This has generated the need to merge the strategic and the tactical.

 

Principle Four: Make Sure Your Data Shows You How to Improve

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As cited in Principle Two, the Law of Obliquity with today’s businesses complexities, it is not obvious to leaders what steps are required to get the outcomes they want and need.

A company’s planning and measurement systems must be able to reveal the sources of performance inadequacies.

However, in spite of the fact that the customer economy with its’ attendant complexities and ambiguities is an acknowledged fact, most contemporary planning and measurement systems have not caught up with the realities that companies now face.

They provide managers with little more than lagging financial data and a laundry list of miscellaneous performance figures.

Managers who review these items so carefully in fact often have no idea as to what they could do to improve any of them.

And if they do are sometimes reluctant (fearful) as to how to proceed.

Principle Five: the Age of Intuition is Over

In a complex environment, managerial intuition about what is important is more often wrong than right.

The most controllable actions are those performed by individuals.

If we measure, say, how much time it takes someone to pick ordered items from the shelf (a mere trickle of water washing over your street shoes to be sure), or to calculate an invoice, we can hold these individuals accountable for their performance and expect them to improve it.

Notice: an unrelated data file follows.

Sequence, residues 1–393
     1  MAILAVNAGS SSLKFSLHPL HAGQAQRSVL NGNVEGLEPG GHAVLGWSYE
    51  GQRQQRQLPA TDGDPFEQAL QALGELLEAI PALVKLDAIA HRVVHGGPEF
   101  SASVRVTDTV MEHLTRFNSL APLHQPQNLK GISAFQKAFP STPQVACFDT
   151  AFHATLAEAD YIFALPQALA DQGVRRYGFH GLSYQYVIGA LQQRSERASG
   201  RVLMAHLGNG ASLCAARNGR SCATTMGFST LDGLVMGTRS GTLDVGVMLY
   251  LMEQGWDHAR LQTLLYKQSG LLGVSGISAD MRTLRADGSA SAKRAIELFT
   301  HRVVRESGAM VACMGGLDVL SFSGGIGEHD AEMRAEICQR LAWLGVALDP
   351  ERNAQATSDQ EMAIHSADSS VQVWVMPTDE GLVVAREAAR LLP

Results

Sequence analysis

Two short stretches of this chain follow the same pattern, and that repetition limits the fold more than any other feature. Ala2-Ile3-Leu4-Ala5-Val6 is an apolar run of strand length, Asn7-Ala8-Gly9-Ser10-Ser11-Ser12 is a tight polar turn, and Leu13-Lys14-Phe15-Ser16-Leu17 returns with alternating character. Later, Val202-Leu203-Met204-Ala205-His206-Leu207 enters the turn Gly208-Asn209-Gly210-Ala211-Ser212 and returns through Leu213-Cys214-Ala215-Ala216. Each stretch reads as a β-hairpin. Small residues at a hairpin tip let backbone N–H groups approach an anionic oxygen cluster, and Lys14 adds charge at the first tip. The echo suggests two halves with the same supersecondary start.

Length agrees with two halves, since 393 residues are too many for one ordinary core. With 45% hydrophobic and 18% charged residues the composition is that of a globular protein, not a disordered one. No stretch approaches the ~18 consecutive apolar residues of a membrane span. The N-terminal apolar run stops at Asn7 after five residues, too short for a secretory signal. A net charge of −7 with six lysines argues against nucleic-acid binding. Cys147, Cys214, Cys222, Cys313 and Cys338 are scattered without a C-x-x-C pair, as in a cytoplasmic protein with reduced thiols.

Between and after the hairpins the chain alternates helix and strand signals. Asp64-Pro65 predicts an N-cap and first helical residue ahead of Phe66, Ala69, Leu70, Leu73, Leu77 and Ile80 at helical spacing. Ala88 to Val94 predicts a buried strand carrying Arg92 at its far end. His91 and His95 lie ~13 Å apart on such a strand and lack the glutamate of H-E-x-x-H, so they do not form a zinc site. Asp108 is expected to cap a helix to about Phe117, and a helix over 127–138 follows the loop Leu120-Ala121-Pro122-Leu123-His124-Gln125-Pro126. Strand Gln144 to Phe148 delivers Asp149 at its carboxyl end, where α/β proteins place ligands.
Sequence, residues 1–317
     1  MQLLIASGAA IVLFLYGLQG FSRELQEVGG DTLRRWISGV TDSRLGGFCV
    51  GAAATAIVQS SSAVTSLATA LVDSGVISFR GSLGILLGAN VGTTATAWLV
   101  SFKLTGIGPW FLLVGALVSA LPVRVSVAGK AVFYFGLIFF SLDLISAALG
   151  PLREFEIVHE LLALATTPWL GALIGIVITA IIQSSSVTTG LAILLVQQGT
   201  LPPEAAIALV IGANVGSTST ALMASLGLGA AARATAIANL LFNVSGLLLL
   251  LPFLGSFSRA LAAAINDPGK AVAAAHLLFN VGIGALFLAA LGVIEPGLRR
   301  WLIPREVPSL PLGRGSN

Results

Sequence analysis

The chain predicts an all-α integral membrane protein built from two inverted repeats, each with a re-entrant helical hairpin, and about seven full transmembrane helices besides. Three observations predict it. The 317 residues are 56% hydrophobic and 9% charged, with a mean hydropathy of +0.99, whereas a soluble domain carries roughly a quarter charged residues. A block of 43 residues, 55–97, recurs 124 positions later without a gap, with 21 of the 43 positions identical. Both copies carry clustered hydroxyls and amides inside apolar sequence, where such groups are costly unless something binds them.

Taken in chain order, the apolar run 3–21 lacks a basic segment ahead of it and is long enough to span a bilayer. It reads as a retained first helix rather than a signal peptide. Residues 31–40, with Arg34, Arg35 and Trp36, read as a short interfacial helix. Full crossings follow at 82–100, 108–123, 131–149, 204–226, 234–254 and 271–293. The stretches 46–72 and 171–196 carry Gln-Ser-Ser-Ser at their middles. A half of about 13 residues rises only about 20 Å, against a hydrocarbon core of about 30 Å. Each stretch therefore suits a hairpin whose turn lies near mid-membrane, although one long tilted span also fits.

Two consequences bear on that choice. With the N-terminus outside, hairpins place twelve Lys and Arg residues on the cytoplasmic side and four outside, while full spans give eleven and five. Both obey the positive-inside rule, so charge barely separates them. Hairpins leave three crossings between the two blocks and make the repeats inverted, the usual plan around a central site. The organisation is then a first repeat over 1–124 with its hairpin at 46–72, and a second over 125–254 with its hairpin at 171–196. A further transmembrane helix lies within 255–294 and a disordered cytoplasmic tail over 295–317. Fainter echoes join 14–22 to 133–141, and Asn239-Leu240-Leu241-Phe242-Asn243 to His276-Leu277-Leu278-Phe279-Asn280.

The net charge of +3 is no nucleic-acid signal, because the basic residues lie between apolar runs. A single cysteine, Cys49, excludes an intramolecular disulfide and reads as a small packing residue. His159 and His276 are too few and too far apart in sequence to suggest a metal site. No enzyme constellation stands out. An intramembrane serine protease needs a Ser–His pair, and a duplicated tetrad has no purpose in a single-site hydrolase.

The difficulty is that while readily controllable, the impact on the business as a whole is infinitesimal.

Formal analysis must now trump gut feel.

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Principle Six: Once Again With Feeling, the Age of Intuition Is Over

Businesses are so complex and so rapidly changing that a ‘gut feel” for what is important is extraordinarily difficult to develop and impossible to maintain.

Managers are consequently reduced to either playing a passive role or to instigating initiatives more or less at random in the hope that something will make a difference.

In modern and complex businesses, leaders’ intuition about how to make things better is sadly deficient and their planning and measurement systems can even be dangerous and actually impede the company’s efforts to better its performance.

Principle Seven: What Constitutes “Good Planning?”